Bloomingdale’s Book of Home Decorating by Barbara D’Arcy, the influential interior design guru and chief decorator of the model rooms in the flag ship store’s furniture department, is testament to its influence. As one particularly helpful Amazon reviewer writes, “this book showcases the best of the best, furniture for your dream home, no budget in sight. It’s an inspirational, all-out, sky’s-the-limit explosion of creativity, trends and fantasy.” Click through to check out the very best of this ’70s design dream tome. Then, let us know in the comments what inspires you the most today! … Read More
We’ve been keeping tabs on British film mag Little White Lies and their ongoing collaborations with local galleries, exhibiting film posters that reimagine iconic movies through contemporary artists. The publication’s newest joint venture is with Paris concept store Colette — a show that opened just in time for the inaugural Cannes Film Festival celebrations and runs until June 2. Thirteen new artists and films have been added to the overall collection. See how Superman’s signature curl figures into Vahram Muratyan’s design, appreciate Geneviève Gauckler’s Warriors interpretation, and remember the figure in red in Paul X Jonhson’s Don’t Look Now artwork by heading past the break. Pick up your own poster in the online shop. … Read More
We’re finding it pretty difficult to pick a favorite part of the unintentionally funny 1976 educational film “Graffiti: Fun or Dumb?” There’s the opening song, which preaches against graffiti in a way somewhat reminiscent of the Oompa-Loompa chants from Willy Wonka and the Chocolate Factory. There’s the faux-objective weighing of grafitti’s pros and cons. And, of course, there’s the implicit class judgments about “inner city” vs. suburban street art. There’s the testimonial from a preppy dude who claims graffiti is “neither art nor literature,” followed several minutes later by a girl who believes “kids who write on toilet walls have psychological problems.” Let’s hope she never grew up to find herself in a New York bar bathroom. Watch grafitti’s very own Reefer Madness after the jump. … Read More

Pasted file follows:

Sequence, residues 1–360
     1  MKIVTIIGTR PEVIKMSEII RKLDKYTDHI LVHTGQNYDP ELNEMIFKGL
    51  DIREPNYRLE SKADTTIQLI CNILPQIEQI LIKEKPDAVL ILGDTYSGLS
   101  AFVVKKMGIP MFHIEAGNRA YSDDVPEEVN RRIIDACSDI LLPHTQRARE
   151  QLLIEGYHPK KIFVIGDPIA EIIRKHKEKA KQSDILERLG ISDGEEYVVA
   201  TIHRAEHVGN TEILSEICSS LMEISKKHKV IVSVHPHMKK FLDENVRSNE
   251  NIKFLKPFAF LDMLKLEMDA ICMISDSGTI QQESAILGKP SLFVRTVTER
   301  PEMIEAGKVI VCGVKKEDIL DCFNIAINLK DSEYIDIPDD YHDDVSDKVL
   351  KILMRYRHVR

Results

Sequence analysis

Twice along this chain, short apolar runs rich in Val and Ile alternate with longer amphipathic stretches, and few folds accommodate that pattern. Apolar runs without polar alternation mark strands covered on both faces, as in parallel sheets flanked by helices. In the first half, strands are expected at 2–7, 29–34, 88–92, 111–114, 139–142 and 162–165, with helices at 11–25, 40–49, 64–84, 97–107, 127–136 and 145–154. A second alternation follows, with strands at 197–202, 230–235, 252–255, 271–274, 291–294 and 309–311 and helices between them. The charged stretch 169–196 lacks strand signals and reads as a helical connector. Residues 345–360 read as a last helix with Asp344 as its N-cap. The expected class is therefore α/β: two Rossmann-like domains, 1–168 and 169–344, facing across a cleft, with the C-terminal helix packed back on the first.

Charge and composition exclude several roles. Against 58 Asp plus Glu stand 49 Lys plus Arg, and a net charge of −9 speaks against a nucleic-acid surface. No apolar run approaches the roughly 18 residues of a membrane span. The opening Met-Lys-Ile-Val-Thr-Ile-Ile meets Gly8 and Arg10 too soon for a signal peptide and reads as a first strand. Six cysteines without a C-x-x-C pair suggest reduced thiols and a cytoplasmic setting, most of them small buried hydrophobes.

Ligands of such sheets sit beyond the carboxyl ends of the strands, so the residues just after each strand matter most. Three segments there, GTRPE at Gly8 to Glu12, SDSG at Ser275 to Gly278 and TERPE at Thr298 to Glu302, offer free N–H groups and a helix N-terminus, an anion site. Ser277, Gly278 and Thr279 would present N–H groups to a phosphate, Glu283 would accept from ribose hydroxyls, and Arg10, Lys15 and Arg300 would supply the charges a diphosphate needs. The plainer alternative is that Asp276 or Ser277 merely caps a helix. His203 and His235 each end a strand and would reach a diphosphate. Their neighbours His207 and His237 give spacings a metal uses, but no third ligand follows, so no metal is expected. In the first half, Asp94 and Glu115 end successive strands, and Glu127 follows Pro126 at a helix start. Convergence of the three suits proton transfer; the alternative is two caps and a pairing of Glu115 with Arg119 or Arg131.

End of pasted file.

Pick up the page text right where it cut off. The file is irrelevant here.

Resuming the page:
The 1970s was an exciting time in the world of design. Architects and engineers were competing to build the tallest building in the world. Buckminster Fuller perfected “Spaceship Earth.” Renzo Piano and Richard Rogers “turned the architecture world upside down” with the inside-out Centre George Pompidou in Paris. And as we discovered via our favorite passport to another time, Retronaut, Graystone Press published a massive, eighteen volume anthology known as The Practical Encyclopedia of Good Decorating and Home Improvement. Arranged alphabetically by topic, the books cover everything from “how to select chairs that are comfortable and durable” to “how to arrange collections to create focus and visual rhythms” to “why the ancients used color.”